Investing in NFTs: What Makes a Good NFT Project?


We’ve talked a lot about how artists can create and market their NFTs, but it’s time to take a look at another side of the coin. Crypto art is very hot nowadays and navigating this mess is definitely not easy. Since anyone can post their NFTs, how do you know which one to buy? What is the difference between an NFT that can bring you money versus a useless NFT that will lose its value overnight? Is it even worth it? Here is some of the information I could find that, hopefully, can help you to make a more informed decision.


A word of caution

NFTs are still pretty new so nobody doesn’t quite know what’s going on. Since nobody can say for sure what projects are successful and which are not (even though there are some good indicators that I describe below), some people are bound to get hurt while some can make quick money. Please keep in mind that this is not financial or investment advice.

The Good and the Bad of NFT Projects

NFTs can bring your value and money, or become a useless investment. New NFT projects drop almost daily, so it’s getting harder to identify the solid projects from the not-so-solid money grabs. With so many project launching, it’s your job to do your own research and proceed with caution. Just like with other overhyped things, there are a lot of risks involved.

The good

Communities

The future of NFT is not only crypto art. NFT projects such as CryptoPunks, Bored Ape Yacht Club, and CyberKongz have great teams and online communities. A limited number of NFTs per collection is nothing compared to the potential membership base, thus the value of each NFT is only growing. Most of the NFTs with strong existing communities have some sort of utility and even reward holders, which also results in passive income.
When a project has a strong community built around it, existing holders are unlikely to sell their NFT unless someone offers them a really good price. It’s the same concept as brand loyalty — a positive association that a customer feels towards a specific brand or product. People are ready to pay more for an iPhone or Tesla not only because they bring value but also because they are cool. NFTs take this one step further. A simple image becomes not only a valuable asset but also a membership card to an exclusive club. This is why there are so many NFT profile pictures — people are proud to own them.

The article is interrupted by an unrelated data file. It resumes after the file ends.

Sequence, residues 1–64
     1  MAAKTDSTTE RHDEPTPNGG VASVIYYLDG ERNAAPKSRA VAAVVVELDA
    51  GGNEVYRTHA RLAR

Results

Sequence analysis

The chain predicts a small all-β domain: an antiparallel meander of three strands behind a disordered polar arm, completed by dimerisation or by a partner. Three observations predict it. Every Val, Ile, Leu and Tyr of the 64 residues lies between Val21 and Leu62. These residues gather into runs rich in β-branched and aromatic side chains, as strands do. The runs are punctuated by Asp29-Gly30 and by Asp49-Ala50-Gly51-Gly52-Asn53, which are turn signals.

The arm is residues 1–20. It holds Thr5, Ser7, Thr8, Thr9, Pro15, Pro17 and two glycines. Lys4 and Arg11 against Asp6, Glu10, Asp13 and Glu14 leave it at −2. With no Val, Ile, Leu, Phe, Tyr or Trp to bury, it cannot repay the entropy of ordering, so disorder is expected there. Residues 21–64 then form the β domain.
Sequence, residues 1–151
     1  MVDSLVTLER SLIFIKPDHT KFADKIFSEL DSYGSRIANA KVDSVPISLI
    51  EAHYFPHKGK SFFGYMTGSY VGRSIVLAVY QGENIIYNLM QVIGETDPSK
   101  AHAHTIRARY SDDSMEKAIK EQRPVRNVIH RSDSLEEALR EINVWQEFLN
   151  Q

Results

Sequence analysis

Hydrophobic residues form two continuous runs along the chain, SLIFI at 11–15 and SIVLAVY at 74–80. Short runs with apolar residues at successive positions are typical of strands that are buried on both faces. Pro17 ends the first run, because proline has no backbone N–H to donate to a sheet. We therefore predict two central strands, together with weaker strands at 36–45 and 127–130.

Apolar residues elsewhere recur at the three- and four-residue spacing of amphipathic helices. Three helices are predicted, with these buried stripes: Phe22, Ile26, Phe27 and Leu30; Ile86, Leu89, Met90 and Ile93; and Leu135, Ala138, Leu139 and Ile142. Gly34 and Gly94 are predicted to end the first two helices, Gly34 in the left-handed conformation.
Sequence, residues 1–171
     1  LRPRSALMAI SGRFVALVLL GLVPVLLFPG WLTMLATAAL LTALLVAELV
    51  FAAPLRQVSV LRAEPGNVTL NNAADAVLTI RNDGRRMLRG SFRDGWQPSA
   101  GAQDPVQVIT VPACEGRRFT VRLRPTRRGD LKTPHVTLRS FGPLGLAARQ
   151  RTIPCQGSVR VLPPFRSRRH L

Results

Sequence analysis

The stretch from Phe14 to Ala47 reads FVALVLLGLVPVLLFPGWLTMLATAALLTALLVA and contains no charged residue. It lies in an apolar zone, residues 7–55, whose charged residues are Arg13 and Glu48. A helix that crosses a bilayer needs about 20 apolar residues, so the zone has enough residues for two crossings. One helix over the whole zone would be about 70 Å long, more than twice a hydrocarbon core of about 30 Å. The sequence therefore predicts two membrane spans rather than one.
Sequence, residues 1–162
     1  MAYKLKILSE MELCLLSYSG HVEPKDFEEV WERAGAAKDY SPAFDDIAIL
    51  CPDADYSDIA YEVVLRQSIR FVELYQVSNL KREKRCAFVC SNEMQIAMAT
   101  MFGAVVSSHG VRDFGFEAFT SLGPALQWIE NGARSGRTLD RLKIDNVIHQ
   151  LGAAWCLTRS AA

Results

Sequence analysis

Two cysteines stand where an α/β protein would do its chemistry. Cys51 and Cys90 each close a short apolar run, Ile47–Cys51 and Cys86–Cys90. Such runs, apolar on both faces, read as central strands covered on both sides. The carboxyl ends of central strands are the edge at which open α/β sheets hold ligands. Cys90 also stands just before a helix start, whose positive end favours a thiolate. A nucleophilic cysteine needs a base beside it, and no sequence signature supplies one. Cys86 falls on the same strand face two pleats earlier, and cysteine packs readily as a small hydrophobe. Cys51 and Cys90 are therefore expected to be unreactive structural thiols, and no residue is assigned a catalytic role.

Utility-based NFTs

Some NFT projects, such as a Space Traveler Club, offer not only virtual but also real-life rewards. By buying their tokens, you become a member of an exclusive club and enjoy some real rewards such as traveling.


Utility-based NFTs always bring some sort of value. There are many projects that offer some kind of incentive to their holders — another example is a Shadowy Super Coder (SSC) collection by GenesysGo. For these projects, providing incentives for their NFTs and rewarding those who contribute is essential for strengthening that community. Thus, rewards and a strong community go hand in hand.

Exposure

A lot of hype around some NFTs leads to constant value accrual. CryptoPunks, for example, became so popular that individual images have been auctioned off at Christie’s and Sotheby’s; a lot of NFTs made it to Art Basel in Miami this year too.

Accessibility

At first, when NFTs were not that popular, everyone could get in. Axie Infinity is a good example because it was affordable and a lot of people made money selling those.

Gaming Projects

Gaming NFTs can represent anything from an in-game character or an item to a piece of virtual land, property, and playing card.
New NFT games of varying quality pop up almost daily but it’s safer to invest your time and money in simple games. Gaming projects taking on a graphically simplistic approach have a higher chance to deliver on their promises.

The bad

Price

The best NFTs are still too expensive for regular people to buy. The high price label is also the reason a lot of copycats emerge and it’s getting increasingly difficult to find quality stuff.

Hype

Remember that hype can take away common sense. If something is overhyped today, it doesn't mean that it won’t go to zero tomorrow. Even if you see an NFT on a popular Twitter or Instagram page, it usually doesn’t mean anything. In fact, it costs only $100 to get a few posts on their page and even become a featured artist. I checked.

Big Names

The biggest red flag is when an NFT has a big name attached to it. Tokens from celebrities proved to be one of the worst investments in the NFT space. The artwork by Grimes, Snoop Dog, A$AP Rocky, and others are examples of shameless money grabs that simply abuse the famous name. If everyone knows the creator of an NFT, it still doesn’t mean that this NFT is good. “Earth”, one of a few NFTs by Grimes, has seen a stunning 84% drop. Likewise, a piece rapper A$AP Rocky sold for $2,000, showing him spinning around in space, traded for about $900 after only a short period of time.

Mints

Projects that have already done a couple of mints are less likely to provide a high-quality experience and community.

Seller vs buyers

The NFT market is not very liquid. There are more sellers than buyers, and according to some online sources, more than 70% of NFT projects silently crash and lose their value overnight.

Unpredictability

The Crypto market has always been unpredictable, so you should never forget about the risks involved. We’ve seen it with other crypto before, even with extremely popular coins like Bitcoin or Ethereum.

Scam

When people think they can make easy money, you are bound to have scams and pump-and-dumps. Take Evolved Apes, for example. After it was sold on Opensea, the head of the project vanished along with 798 Ether (roughly $2.7 million).